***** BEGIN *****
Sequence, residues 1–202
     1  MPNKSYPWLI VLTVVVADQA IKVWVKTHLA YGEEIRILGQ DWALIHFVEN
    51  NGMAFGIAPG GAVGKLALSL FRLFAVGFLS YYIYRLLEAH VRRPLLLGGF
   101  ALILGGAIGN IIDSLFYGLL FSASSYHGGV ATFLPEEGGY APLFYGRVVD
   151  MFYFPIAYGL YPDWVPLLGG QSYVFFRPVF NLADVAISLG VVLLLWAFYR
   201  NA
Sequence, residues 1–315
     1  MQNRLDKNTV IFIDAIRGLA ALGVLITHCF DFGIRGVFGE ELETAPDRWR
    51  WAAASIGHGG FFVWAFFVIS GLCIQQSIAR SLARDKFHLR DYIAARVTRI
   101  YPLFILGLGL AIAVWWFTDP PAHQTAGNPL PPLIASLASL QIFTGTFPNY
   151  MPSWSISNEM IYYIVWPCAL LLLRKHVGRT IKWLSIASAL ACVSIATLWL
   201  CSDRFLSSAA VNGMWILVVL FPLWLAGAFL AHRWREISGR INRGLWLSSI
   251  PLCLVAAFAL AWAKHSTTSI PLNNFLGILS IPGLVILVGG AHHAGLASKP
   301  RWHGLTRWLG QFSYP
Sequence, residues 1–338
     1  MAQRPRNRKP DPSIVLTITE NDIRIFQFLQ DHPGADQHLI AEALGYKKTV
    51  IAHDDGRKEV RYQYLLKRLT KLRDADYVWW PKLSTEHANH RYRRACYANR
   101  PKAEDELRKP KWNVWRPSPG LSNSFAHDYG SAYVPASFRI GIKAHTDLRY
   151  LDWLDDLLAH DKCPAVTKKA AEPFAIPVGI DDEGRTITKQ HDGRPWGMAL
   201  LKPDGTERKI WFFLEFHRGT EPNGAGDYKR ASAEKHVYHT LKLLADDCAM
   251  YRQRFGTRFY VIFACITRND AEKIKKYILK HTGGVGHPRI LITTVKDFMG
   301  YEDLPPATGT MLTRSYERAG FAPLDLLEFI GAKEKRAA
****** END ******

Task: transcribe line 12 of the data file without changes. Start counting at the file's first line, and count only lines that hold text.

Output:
   201  CSDRFLSSAA VNGMWILVVL FPLWLAGAFL AHRWREISGR INRGLWLSSI